Dublin 2023 Dublin, Ireland MSMU Travels

Fish & Chips & Books

Hello everyone!

As you may or may not know, fish and chips are a staple in Ireland. Seafood is popular here because of Ireland’s prominent fishing industry along its coastal cities. Before traveling to Dublin, I accepted the fact that I wouldn’t be able to order takeaway at a chipper (colloquial term for fish and chip shop) and fulfill my own Derry Girls chip shop meltdown because of my Celiac disease diagnosis. That all changed on one of my first days getting acquainted with Dublin.

As I was walking along Dame Street, the Olympia Theater’s colorful stained glass arched entryway caught my eye, but what my eyes were drawn to shortly after was a gluten-free sign on the restaurant next door. Located directly next to the Olympia Theater is the chip shop Beshoff Bros, which offers an extensive gluten-free menu. I had the gluten-free fish and chips, tried the horseradish, and fully avoided the mushy peas. The fish tasted fresh, lightly battered, and flakey, and the chips were hot and crispy—everything one should expect from great fish and chips.

GF Fish & Chips with (ew) mushy peas 

Unfortunately for Celiacs, Beshoff Bros is BYOK (bring your own ketchup) because the ketchup they offer is not gluten-free. Most restaurants I’ve visited served the same ketchup packets that contain barley malt vinegar, which is unfortunate. Thankfully, taking from the one restaurant that uses Heinz, I’ve hoarded enough gluten-free ketchup to supply a national ballpark. With a total of five locations, four of which offer gluten-free options, Beshoff Bros is a safe way for everyone (even Celiacs like me) to experience Ireland’s top-quality fish and chips no matter where you are in Dublin.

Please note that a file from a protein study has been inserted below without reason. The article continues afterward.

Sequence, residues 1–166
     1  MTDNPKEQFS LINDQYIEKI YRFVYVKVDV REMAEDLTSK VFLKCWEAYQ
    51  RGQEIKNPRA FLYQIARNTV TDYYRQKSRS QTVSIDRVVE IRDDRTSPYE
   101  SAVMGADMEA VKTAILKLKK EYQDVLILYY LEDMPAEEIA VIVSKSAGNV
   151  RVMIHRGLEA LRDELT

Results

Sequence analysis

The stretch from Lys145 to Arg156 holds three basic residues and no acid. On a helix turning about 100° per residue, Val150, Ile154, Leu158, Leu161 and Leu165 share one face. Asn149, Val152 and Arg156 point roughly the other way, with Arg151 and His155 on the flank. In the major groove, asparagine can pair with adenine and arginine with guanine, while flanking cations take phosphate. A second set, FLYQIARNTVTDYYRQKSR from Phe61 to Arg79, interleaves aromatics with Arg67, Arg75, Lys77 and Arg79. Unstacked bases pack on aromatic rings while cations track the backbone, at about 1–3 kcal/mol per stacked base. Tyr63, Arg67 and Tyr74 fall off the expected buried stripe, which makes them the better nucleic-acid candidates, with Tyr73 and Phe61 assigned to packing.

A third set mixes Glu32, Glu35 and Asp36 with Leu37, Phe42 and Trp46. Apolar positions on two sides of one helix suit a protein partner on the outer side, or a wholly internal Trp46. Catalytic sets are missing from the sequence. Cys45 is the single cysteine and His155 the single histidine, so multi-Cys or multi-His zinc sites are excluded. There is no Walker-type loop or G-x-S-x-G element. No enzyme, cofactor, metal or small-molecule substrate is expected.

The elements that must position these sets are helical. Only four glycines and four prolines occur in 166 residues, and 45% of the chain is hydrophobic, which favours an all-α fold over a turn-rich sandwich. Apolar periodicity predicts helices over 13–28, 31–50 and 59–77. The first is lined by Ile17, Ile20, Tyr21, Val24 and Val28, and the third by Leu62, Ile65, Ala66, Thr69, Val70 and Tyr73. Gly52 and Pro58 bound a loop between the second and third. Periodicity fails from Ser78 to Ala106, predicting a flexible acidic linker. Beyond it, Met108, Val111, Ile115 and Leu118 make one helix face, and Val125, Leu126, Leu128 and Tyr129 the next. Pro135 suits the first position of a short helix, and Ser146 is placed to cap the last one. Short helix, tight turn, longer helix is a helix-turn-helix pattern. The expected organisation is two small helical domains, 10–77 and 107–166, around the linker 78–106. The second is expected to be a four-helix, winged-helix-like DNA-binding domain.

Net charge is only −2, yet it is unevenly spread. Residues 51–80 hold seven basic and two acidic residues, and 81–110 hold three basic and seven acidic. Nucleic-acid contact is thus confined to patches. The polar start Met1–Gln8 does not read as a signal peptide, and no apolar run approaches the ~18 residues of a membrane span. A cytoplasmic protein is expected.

One thing about me is if there’s a bookstore within walking distance, I’m going to it. Thankfully, Dublin has no shortage of bookstores. I am determined to avoid Eason (the Barnes and Noble of Ireland) and check out the many unique bookstores around the city.

The first bookstore I checked out was Hodges Figgis, the oldest bookstore in Ireland and one of the oldest in the world. This bookstore spotlights old and new Irish writing of all genres. The majority of the first floor was dedicated to countless editions of work from the most well-known Irish authors (Wilde, Beckett, Joyce, Yeats, Heaney, Keane, etc.). Hodges and Figgis didn’t stop there, though: I spotted all kinds of Irish authors in the store, like Sally Rooney, Tanna French, and Maggie O’Farrell. 

Artwork of Joyce, Wilde, and Beckett

Shoutout to the map on each floor because I was this close to getting lost. The place spans three floors and multiple staircases filled with books, games, and stationery. At times I felt like a child trying to navigate the Chuck E. Cheese ball pit. 

Hodges and Figgis was like a never-ending playground for book lovers, especially those with a passion for Irish literature. The only thing missing from Hodges and Figgis was a resident cat, preferably named after a famous literary character, that greets its customers…but alas, maybe I’ll find a bookstore that has a cat or two before I head back to the US. 

Thanks for reading!

Tess

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